The “Kraken” is here.
The COVID-19 omicron subvariant XBB.1.5 — which has been dubbed “Kraken” (after the mythical sea monster) because it’s easier to transmit and not as easy to defend against as some other strains — has officially been detected in Travis County, according to Austin Public Health.
Last week, Austin Public Health announced that another strain of omicron XBB.1 had been identified in surveillance. Now it has found XBB.1.5.
The XBB.1.5 strain now accounts for 27.6% of all COVID-19 cases in the U.S., according to the federal Centers for Disease Control and Prevention. In the Texas, Oklahoma, Arkansas, Louisiana and New Mexico region, it accounts for 16.6% of cases.
When the first of the XBB variants was detected here last week, Dr. Desmar Walkes, the Austin-Travis County health authority, said that the timing of its arrival along with other respiratory viruses was concerning.
“This new subvariant is making its way into our community right as many people were indoors gathering with others during the cold and over the holidays,” she said. “When mixed with a flu infection, the combination can cause serious illness for those at-risk such as children and seniors.”
What’s different with XBB.1.5 COVID variant?
It is called the Kraken because of its transmissibility. In December, it went from 1% of all COVID-19 cases to 40% of cases by the end of the month.
It is expected that people who have not yet had COVID-19 are likely to become infected with XBB.1.5 because of its transmissibility and because of more public gathering happening without masking.
Here’s what we know about the XBB variants:
- XBB variants have rapidly replaced other subvariants in the U.S. They did the same in Europe earlier.
- The bivalent booster (the updated booster) still provides a level of protection and reduces the risk of hospitalization.
- XBB variants are resistant to existing COVID-19 treatments such as monoclonal antibody infusions. This is particularly worrisome for people who are immunocompromised.
- XBB variants do appear to respond to the antiviral treatments available to lessen symptoms.
- The symptoms of XBB variants are the same as other COVID-19 variants: cough, congestion, exhaustion, fever, sore throat, nausea, diarrhea and headaches.
The XBB.1.5’s main difference is a mutation of one of the spike proteins that makes it more infectious. That makes it easier to latch onto receptors in the body and begin to reside in cells in places like the nose, throat and lungs before spreading elsewhere in the body.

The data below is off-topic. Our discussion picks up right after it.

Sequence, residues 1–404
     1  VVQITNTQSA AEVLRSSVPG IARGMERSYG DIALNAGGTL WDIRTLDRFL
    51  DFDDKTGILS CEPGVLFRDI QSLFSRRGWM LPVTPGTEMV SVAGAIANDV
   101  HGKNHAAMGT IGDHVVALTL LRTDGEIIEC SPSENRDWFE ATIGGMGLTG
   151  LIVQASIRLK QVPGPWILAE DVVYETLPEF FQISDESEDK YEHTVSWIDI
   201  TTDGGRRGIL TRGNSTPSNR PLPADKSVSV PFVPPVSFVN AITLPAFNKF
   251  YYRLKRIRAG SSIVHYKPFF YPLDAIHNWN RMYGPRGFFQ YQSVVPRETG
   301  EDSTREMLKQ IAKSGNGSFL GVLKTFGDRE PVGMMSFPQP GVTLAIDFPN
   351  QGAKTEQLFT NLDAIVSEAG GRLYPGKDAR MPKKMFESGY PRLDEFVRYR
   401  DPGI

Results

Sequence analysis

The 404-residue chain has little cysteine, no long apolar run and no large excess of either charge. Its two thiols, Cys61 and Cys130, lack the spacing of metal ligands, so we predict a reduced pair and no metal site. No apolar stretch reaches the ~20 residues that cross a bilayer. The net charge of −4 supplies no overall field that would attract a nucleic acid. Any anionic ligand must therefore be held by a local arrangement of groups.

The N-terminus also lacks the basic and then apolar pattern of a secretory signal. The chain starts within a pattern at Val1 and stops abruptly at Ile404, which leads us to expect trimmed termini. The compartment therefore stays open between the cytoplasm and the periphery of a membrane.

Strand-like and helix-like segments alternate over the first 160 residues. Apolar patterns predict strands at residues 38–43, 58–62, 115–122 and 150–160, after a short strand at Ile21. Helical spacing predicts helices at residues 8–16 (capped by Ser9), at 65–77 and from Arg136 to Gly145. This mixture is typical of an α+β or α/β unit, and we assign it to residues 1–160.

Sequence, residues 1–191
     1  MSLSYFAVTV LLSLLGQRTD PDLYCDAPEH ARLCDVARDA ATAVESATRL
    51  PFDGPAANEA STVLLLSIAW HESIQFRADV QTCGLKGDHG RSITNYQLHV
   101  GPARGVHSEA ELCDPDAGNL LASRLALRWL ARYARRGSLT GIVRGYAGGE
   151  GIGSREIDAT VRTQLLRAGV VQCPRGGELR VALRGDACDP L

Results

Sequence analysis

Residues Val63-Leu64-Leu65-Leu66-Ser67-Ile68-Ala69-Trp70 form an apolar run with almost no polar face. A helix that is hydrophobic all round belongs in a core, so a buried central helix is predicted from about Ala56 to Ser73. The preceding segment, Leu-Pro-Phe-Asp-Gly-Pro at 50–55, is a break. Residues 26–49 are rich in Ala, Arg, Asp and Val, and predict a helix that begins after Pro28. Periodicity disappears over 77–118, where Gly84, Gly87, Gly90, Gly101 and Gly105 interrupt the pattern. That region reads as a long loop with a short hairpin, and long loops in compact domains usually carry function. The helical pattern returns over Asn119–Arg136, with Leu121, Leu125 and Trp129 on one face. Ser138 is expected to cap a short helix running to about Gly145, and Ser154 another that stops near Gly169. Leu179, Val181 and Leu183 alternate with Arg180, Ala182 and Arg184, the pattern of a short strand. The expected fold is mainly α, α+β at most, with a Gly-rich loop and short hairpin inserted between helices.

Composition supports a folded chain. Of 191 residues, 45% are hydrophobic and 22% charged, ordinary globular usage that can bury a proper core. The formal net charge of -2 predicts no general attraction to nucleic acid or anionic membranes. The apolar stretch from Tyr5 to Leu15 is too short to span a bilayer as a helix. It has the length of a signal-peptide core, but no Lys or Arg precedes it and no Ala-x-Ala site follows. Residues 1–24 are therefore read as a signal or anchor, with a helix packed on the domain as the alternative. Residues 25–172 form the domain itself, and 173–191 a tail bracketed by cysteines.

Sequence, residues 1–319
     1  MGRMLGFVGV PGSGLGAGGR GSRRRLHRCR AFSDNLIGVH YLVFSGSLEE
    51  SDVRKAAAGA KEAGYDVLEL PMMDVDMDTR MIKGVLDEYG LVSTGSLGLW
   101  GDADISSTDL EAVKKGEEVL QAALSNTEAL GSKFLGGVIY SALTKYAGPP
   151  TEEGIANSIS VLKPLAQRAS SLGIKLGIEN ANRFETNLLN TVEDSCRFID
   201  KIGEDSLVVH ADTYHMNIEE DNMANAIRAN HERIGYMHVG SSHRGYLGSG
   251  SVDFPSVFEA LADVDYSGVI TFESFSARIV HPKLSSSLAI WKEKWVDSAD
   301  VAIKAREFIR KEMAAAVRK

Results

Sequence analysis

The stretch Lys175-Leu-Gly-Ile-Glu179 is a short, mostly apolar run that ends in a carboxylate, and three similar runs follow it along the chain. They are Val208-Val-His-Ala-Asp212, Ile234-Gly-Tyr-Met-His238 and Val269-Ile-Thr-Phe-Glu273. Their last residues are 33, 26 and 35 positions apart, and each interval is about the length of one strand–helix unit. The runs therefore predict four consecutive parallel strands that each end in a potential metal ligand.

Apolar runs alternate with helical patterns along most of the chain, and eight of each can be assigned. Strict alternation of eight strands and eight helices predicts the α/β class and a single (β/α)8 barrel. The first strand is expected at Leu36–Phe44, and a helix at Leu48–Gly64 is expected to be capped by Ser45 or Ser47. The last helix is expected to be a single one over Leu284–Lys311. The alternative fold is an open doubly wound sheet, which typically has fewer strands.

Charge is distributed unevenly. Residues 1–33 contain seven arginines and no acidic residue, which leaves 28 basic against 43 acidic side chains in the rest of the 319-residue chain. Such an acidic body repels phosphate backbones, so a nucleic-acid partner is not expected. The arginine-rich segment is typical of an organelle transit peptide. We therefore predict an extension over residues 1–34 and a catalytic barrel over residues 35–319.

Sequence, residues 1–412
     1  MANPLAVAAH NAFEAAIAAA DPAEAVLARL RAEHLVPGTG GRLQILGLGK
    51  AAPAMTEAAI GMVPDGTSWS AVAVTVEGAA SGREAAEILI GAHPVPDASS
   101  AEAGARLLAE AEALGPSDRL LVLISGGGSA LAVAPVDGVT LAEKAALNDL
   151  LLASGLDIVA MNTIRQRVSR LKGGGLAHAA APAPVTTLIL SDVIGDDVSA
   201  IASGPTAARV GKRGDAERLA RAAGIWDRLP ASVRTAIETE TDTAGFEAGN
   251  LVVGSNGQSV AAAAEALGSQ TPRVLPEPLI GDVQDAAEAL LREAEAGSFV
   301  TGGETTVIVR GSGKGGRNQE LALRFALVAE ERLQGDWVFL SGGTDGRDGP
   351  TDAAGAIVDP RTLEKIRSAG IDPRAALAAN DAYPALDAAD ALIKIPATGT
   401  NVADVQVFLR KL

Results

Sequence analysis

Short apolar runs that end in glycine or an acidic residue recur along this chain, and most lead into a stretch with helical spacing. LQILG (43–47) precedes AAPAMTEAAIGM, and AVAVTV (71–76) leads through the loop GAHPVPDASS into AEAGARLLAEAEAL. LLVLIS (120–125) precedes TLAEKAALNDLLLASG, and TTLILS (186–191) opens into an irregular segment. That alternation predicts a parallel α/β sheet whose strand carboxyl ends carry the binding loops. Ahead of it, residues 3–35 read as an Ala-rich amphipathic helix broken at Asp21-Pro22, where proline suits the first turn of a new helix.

Like the other XBBs, it can get past some of the other defenses we’ve developed, such as the monoclonal antibodies.
What does our COVID-19 spread look like locally?
Last Thursday, the CDC moved the COVID-19 transmission levels in Travis, Williamson and Bastrop counties from low to medium. Hays and Caldwell counties have been at the high level for two weeks. This follows months of all the area counties being at a low level.
Levels are adjusted every Thursday afternoon.
Because the level of spread has increased, Austin Public Health is recommending that all people wear masks when social distancing is not possible, and people who are at risk for severe complications should wear masks in all public spaces. Caldwell and Hays counties should follow the recommendations for an area with a high level of spread, which is masking in public for everyone.
Austin Public Health already has been requiring masks again in all health facilities since mid-December.
Transmission levels (the number of cases per 100,000 people), are between 122.1 and 187.8, depending on the county, which is up from below 60 during most of last fall.
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What can you do to protect yourself?
- Consider wearing a mask again. You can get free N95 masks at local pharmacies. Use the CDC’s mask-locator tool to find a site with free masks.
- Get vaccinated and stay up-to-date with boosters, which are now available for people ages 6 months and older. You can find boosters at most pharmacies locally, though it’s a good idea to make an appointment to make sure they have the right dose for you. Find locations at vaccines.gov.
- Stay home if you are sick, and wait until you are fever-free for 24 hours to return to public places, though you should wear a mask for five days after testing positive and try to avoid going out for those five days, even if you are free of fever.
- Have COVID-19 home tests on hand and test even if you think it is just cedar fever or a cold. Free mail-order rapid antigen COVID-19 test kits are available through covid.gov/tests. Households are eligible for another round of four tests for a limited time. At-home COVID-19 test kits are available at APH Neighborhood Centers while supplies last. The U.S. Department of Health and Human Services also lists community-based testing sites online.